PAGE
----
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By Tracy Connor

Joaquin "El Chapo" Guzman and his beauty-queen wife were briefly reunited Friday in a New York City courthouse, a day after a judge ruled she cannot visit him in the federal jail where he is waiting for a trial that won't happen until next spring.

Emma Coronel Aispuro, 27, waved at the drug kingpin from the second row of the public seating area when he was brought into the packed courtroom for a hearing.

The 59-year-old accused cartel leader wore jailhouse blues and locked eyes frequently with his wife, a U.S. citizen who was raised in Mexico.

Coronel, who listened to a translation of the hearing through headphones, married Guzman a decade ago while he was a fugitive after his first Mexican prison breakout.

A mother of twin girls, she has said she doesn't recognize the portrait authorities have painted of her husband as a ruthless drug trafficker who exported millions of pounds of cocaine to the United States and ordered his rivals murdered.

Coronel did not speak to reporters after the hearing, rushing to a taxi in black stilettos as a horde of international media crowded around her.

The wife of Joaquin 'El Chapo' Guzman, Emma Coronel, center, exits the U.S. Federal Courthouse in Brooklyn after a hearing in the case of her husband, on May 5, 2017, in New York.Eduardo Munoz Alvarez / AFP - Getty Images

But a woman who identified herself as one of Guzman's 16 children and gave her name as Rosa stood outside the federal courthouse in the rain and said she missed him.

"I am sad about what's happening," she said in Spanish.

She said she had not seen her father in more than a year before Friday's court appearance and sthat he wept when she laid eyes on him.

"I love him a lot," she said. "He is not alone."

But Guzman is very much alone at the Metropolitan Correctional Center's Special Housing Unit, where he is kept in solitary confinement for 23 hours a day, except for meetings with his court-appointed lawyers from the non-profit Federal Defenders of New York.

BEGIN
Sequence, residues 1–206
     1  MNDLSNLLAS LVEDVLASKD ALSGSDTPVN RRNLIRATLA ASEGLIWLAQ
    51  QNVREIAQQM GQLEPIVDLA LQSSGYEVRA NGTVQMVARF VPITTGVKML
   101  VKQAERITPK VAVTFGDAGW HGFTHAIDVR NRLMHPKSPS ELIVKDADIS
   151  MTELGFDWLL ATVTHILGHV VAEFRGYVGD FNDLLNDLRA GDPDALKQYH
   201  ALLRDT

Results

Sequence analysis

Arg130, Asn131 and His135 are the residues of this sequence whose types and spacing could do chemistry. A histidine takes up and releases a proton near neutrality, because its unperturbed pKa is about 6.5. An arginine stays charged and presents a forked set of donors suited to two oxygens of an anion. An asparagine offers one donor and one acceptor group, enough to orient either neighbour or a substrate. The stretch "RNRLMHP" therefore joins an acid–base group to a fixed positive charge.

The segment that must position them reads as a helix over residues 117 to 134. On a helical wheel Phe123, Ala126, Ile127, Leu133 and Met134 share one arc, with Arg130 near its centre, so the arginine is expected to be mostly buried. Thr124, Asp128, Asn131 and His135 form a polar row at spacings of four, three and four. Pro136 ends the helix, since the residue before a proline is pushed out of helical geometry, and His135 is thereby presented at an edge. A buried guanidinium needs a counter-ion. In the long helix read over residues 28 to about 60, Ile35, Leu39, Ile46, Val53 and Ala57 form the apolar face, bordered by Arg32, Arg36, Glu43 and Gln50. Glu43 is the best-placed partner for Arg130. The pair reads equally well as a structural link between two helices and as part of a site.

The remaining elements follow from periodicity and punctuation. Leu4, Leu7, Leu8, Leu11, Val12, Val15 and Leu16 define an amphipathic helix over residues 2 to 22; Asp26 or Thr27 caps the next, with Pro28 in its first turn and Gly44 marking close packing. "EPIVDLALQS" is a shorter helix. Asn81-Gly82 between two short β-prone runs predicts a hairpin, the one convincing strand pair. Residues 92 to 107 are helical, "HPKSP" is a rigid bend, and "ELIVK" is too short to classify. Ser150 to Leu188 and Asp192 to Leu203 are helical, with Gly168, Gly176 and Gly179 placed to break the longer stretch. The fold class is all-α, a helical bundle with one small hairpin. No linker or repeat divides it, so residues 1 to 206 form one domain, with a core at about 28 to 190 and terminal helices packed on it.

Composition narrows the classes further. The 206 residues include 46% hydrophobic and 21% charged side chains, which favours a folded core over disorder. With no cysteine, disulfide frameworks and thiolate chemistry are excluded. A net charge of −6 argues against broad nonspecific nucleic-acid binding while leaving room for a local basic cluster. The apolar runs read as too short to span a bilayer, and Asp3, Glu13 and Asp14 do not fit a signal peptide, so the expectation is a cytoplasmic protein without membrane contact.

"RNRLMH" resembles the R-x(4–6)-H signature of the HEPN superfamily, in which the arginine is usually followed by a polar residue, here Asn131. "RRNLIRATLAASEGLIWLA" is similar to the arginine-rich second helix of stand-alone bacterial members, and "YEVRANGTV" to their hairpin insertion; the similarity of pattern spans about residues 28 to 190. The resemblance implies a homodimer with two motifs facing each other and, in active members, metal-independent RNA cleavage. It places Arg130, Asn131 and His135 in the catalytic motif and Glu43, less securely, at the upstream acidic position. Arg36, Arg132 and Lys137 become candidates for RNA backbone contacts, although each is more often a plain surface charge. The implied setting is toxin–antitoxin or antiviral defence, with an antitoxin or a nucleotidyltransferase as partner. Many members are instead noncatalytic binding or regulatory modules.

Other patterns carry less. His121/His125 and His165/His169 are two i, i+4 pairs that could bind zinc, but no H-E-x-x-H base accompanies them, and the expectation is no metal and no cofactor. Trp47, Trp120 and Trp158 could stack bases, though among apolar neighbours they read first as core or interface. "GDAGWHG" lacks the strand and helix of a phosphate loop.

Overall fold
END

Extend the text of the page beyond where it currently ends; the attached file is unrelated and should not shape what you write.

Prosecutors have not allowed him to meet with Coronel, whose father and brother are accused of being members of the Sinaloa cartel. This week, a judge gave him permission to exchange messages with her, but said the FBI, the DEA and other agencies can screen them first.

Related: El Chapo Stays in Solitary, But Can Write to Wife Emma Coronel Aispuro

The judge set a trial date for April 2018 but conceded that might be ambitious given the sprawling nature of the case, which covers two decades of alleged crimes. The trial, prosecutors said, could last up to three months. The evidence includes 1,500 recordings and 10,000 documents, the attorneys said.

Guzman's defense team complained that the government has still not turned over the documents that led to his extradition from Mexico to the U.S. And they questioned whether the proceedings in Brooklyn are even legal since the extradition petition called for Guzman to be brought to Texas or California, not New York.

A sketch shows El Chapo Guzman and his wife in court in Brooklyn on May 5, 2017.

Related: El Chapo Guzman Still Searching for Lawyers, And Money To Pay Them

They also argued that they should be allowed to have contact visits with Guzman, while prosecutors say there is no area in the MCC that is secure enough to let the two-time prison escapee sit next to his lawyers.

The judge seemed to agree that it is too cumbersome for Guzman and his lawyers to be separated by a partition while reviewing mountains of paperwork and said he would send a magistrate to the Manhattan lockup to review the situation.

The bulk of the session was devoted to a hearing on whether El Chapo's public defenders have a conflict of interest because other lawyers in their office have briefly represented confidential witnesses who may testify against him.

Guzman waived the conflict, telling the judge through a translator, "I would like to continue with my current attorneys because I feel well with them."

Guzman has already met with at least 16 private lawyers but has said he can't hire another attorney until he communicates with his wife about who would pay the legal fees. The feds are seeking the forefeiture of $14 billion in drug proceeds, but his public defender said Friday that the feds have not been able to find "a single dollar."